Surgeon plans first head transplant

By Drum Digital
26 May 2015

An Italian surgeon claims he will be ready to undertake a head transplant in 2017, although colleagues elsewhere doubt the technical feasibility of the operation, quite apart from the ethical nightmare that will result if it goes wrong.

Turin neurosurgeon Sergio Canavero is to present his case to the American Academy of Neurological and Orthopaedic Surgeons (AANOS) in Annapolis, Maryland, in June.

"I think we are now at a point when the technical aspects are all feasible," Canavero told the journal New Scientist, adding that he already has potential candidates for the operation

Edgar Biemer, a German professor whose team carried out a ground-breaking double-arm transplant in 2008, takes a different view.

"It's impossible. It's speculative and there's nothing of this kind on the horizon into the distant future," Biemer, now retired, told dpa.

Canavero was not available for comment. According to AANOS, he has been investigating the possibility of a head transplant for the past 30 years, although little is known of his work.

According to the New Scientist article, Canavero plans to cool the bodies of a brain-dead donor and of the recipient, so that the cells can survive as long as possible without oxygen. Hundreds of doctors are to be involved.

The key point would be to sever the spinal cords of both cleanly.

Advice

Veit Braun, head of neurosurgery at Siegen Hospital in Germany, says it can't be done.

"After you cut the spinal cord from the head, you can never put it back together again," he told dpa. "It won't work," the professor said bluntly. At best the patient will end up with a functioning brain unable to communicate with its new body.

"This is extremely unethical," he said.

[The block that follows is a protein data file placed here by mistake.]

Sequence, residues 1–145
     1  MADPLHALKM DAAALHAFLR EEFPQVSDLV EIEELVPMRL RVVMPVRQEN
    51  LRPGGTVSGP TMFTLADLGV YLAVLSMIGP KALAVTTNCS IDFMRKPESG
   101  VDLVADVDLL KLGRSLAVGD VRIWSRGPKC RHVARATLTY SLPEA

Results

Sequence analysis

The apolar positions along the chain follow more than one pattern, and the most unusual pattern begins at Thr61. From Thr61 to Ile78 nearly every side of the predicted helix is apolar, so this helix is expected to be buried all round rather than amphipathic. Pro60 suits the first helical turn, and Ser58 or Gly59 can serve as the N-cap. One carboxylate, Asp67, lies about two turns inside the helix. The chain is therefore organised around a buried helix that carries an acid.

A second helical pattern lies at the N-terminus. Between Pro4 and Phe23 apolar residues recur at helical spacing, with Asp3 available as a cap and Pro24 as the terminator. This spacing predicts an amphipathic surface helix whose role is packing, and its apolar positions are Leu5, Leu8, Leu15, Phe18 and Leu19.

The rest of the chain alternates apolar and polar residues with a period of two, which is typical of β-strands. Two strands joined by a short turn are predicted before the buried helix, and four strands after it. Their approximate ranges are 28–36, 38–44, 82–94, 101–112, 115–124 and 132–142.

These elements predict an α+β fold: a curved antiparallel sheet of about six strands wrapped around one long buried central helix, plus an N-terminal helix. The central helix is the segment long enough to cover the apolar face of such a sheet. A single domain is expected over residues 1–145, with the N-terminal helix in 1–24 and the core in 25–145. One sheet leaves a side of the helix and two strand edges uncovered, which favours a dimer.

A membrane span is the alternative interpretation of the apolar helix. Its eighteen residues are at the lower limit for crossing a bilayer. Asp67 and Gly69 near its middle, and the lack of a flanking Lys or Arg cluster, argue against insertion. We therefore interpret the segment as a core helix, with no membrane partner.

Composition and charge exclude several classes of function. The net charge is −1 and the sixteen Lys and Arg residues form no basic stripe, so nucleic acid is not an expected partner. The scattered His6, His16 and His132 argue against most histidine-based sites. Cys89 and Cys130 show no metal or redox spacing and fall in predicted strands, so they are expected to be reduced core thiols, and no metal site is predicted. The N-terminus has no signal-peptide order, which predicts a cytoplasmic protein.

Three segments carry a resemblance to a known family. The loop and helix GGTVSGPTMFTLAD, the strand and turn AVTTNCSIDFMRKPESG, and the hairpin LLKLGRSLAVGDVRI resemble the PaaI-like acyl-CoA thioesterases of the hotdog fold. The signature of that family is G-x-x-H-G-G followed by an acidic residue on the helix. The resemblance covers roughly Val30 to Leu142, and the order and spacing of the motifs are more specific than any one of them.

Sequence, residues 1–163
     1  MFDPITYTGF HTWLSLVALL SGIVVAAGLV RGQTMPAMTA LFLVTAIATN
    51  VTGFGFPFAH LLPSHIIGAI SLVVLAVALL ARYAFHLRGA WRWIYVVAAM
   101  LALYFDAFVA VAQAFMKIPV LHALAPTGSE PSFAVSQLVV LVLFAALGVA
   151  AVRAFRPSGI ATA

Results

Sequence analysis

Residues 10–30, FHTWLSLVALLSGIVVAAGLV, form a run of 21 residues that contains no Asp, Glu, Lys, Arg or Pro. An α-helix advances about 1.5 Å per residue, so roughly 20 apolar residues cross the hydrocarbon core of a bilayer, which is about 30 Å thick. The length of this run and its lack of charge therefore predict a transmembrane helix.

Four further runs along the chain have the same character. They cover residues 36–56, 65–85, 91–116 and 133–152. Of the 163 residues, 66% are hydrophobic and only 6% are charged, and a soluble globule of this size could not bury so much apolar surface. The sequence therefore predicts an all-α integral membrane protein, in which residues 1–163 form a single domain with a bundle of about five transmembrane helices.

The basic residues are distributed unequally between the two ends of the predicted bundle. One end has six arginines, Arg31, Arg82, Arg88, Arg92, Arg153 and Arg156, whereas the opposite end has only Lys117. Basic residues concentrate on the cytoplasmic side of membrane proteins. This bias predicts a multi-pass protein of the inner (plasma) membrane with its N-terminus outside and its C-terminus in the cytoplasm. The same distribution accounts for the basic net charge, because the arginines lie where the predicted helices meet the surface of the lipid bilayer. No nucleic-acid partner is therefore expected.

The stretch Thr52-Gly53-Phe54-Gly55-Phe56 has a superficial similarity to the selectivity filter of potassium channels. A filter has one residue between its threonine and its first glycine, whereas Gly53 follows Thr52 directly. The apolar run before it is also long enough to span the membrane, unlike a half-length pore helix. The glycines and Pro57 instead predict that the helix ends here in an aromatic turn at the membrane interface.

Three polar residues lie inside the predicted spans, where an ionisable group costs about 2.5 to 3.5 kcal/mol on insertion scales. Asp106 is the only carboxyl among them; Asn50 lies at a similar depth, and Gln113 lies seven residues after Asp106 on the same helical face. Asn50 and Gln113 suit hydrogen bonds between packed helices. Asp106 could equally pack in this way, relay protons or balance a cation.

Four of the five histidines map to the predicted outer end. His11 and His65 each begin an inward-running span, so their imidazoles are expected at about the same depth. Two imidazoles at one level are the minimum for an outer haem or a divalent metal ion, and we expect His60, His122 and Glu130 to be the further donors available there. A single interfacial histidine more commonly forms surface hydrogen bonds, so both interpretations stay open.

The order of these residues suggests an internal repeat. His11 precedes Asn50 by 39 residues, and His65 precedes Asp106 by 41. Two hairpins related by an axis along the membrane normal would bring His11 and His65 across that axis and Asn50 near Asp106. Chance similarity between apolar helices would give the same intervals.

Canavero plans to fuse the two spinal cords, which he compares with two densely packed bundles of uncooked spaghetti, by flushing the area with polyethylene glycol.

Just as hot water makes dry spaghetti stick together, polyethylene glycol encourages the fat in cell membranes to mesh, according to the New Scientist article.

There have been several experiments in doing this with animals, but none of the animals have survived more than a couple of days.

Ren Xiao-Ping of China's Harbin Medical University transplanted a mouse's head in 2013.

Ren told China's People's daily that Canavero had been in touch with him, asking for advice.

Canavero's patient is to spend three to four weeks in an induced coma after the operation. After being brought out of it, the patient should be able to speak. After a year's physiotherapy, he would have enough control over his new body to walk.

The operation itself is expected to take 36 hours and cost more than $10m.

A Russian computer programmer, Valery Spiridonov, aged 30, has volunteered to be the first to have his head transplanted onto a healthy body.

Spiridonov suffers from Werdnig-Hoffmann disease, a muscle-wasting disease, and is confined to a wheelchair.

"I know that I might die on the operating table," he said, but added: "My decision is final and I do not plan to change my mind...

"I am scared. But what people don't really understand is that I don't really have many choices," he said.

Spiridonov takes the view that he does not have long to live in any case.

Believing he has surmounted the technical problems, Canavero acknowledges the ethical issues are considerable.

"Should an operation like this be carried out at all? There will apparently be many people who do not think so," he said.

DPA

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